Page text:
Everyone was wondering where the next crash or explosion would happen. Then a 4th plane went down in a field in Pennsylvania at 7:03, the passengers having led an uprising to overpower the hijackers.  

At 7:59 the 1st tower collapsed and the descriptions of the mayhem caused my imagination to go crazy with no reference from television pictures.

All flights were shutdown.  All ferry traffic was shut down. The normally busy sound was suddenly silent.  No ship or ferry traffic…no planes coming and going from nearby SeaTac Airport. Contradictory news reports were all over the place. 

All of this added to a huge sense of isolation and frustration to know just what the Hell was going on. Terri would call back with updates whenever something new would happen to let me know as best she could. I tried to find a radio station that had news, but without an FM antenna I couldn’t tune much in.  

Adding to the surrealness, the only thing I found on the radio was the Howard Stern show.  Being based in New York, he was at least broadcasting a play by play of what he was seeing and hearing in the city. The whole thing was insane with the wild reports coming in from his wacky non-professional sources.

I got everything ready for a speedy departure from Blake…tossed the dirty dishes in a trashbag , filled the fuel tank, checked the tide and slipped the mooring lines.  As I motored south, I was the only one on the water…madly rushing to get home as fast as possible while everyone else was glued to their TV sets. I still had many miles and a whole day of motoring to get back to my marina in Olympia.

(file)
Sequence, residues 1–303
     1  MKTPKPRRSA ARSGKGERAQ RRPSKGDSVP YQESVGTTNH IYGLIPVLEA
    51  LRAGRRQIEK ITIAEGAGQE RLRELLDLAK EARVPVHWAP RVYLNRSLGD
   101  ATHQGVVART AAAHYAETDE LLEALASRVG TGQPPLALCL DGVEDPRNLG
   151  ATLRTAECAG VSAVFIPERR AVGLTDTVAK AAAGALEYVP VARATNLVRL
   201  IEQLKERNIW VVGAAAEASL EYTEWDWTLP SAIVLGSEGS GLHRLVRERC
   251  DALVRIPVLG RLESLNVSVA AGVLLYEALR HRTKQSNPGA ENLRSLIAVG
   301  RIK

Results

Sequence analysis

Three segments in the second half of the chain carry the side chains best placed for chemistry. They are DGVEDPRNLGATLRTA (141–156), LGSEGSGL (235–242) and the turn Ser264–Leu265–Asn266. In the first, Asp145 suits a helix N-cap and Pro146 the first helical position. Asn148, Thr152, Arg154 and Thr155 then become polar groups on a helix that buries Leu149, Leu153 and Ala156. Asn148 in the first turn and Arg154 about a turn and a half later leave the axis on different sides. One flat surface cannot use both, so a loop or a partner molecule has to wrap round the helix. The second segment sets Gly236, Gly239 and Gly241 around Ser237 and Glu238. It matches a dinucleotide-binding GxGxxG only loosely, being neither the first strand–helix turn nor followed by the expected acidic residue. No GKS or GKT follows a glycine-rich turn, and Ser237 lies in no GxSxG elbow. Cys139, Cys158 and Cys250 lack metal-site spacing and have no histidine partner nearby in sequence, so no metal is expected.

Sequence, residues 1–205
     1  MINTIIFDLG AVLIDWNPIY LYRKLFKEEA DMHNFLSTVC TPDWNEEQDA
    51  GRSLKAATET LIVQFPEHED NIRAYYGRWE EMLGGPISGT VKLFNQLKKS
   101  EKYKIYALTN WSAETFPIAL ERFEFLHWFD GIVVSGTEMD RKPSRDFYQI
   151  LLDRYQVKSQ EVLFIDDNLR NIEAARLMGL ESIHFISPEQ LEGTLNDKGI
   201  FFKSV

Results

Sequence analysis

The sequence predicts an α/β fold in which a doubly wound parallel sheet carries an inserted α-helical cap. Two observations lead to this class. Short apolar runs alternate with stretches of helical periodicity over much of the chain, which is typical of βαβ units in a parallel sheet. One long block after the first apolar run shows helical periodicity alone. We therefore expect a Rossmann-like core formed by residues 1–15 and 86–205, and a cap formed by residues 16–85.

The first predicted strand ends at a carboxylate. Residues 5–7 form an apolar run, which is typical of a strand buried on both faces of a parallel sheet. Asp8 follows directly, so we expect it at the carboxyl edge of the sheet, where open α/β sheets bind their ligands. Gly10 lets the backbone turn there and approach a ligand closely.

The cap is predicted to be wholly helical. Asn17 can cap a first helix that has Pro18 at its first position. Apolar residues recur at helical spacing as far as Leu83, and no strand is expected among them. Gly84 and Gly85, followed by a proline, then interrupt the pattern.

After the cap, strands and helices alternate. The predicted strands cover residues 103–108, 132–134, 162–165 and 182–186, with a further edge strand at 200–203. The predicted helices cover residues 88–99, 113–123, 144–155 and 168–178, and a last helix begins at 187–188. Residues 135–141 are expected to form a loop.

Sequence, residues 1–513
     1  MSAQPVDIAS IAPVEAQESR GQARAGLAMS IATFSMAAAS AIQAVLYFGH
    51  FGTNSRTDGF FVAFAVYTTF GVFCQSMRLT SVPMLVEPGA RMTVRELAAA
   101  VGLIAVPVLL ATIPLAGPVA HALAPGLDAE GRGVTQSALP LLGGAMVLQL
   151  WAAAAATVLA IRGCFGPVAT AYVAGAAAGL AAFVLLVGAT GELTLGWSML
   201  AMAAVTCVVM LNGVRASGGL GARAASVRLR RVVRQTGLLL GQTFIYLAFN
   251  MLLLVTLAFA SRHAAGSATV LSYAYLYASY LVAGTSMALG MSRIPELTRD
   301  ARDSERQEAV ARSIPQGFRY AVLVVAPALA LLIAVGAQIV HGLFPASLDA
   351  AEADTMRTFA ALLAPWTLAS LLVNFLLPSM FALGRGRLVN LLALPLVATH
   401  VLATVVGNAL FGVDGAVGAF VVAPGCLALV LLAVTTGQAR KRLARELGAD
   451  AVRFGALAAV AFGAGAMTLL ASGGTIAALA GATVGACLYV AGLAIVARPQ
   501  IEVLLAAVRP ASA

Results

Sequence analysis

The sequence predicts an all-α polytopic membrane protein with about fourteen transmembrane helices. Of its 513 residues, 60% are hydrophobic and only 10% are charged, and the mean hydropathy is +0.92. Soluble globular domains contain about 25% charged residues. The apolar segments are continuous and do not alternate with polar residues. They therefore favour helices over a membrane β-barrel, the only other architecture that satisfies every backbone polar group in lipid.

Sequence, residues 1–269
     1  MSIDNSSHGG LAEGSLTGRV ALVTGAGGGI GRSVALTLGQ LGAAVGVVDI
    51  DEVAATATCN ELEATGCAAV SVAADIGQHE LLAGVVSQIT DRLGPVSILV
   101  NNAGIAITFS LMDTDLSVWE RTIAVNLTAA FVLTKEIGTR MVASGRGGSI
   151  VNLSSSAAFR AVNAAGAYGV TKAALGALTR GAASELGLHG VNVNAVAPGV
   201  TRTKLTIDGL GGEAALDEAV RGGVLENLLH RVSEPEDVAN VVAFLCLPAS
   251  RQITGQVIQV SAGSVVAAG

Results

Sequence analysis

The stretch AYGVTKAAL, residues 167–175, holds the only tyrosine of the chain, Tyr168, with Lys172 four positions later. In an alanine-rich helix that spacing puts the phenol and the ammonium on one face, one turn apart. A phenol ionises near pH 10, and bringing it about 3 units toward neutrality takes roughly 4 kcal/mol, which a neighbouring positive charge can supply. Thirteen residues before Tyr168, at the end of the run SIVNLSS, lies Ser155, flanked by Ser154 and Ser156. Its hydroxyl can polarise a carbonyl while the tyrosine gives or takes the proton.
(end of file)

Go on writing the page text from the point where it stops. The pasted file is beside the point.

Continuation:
Trying to piece together what was going on from the chaotic Stern broadcast was maddening…his typical outlandishness was made even worse with the added frenzy of the plane crashes.  I felt like a crazy character in Alice in Wonderland. 

I was pushing the Honda 6HP outboard as hard as possible, but still only moving maybe 5 knots, much less when bucking the current. Motoring through Colvos Passage, out into the much wider Dalco Passage, was when I became hyper-aware of the lack of boat traffic and no planes in the sky. I still had to make it through the Tacoma Narrows before the tide switched or I would be pushed backwards.  This of course added more stress to an already over the top situation.

Making it through the Narrows, I plugged away seemingly endlessly, hour after hour, listening to the insanity of Howard Stern for as long as he was on the air.  The sense of frustration of being out on the water with so far to go when I wanted to see what was actually going on was overwhelming.

The reports of firemen and police rushing into the towers only to have them crumble down, human beings falling from the heights of the sky scrapers, clouds of smoke and dust from the vaporized buildings all created a sense of doom that was hard to comprehend.

After an entire day of motoring south, I finally rounded Boston Harbor and made it back home where I parked myself in front of the news to catch up on what I had missed.  The TV stations were replaying the planes crashing and towers coming down with people covered in dust endlessly and would for days. 

This memory is firmly embedded in my mind, at least for these past 20 years. I have visited Blake Island many times since, and every time I am there the feelings of that day so long ago always come flooding back.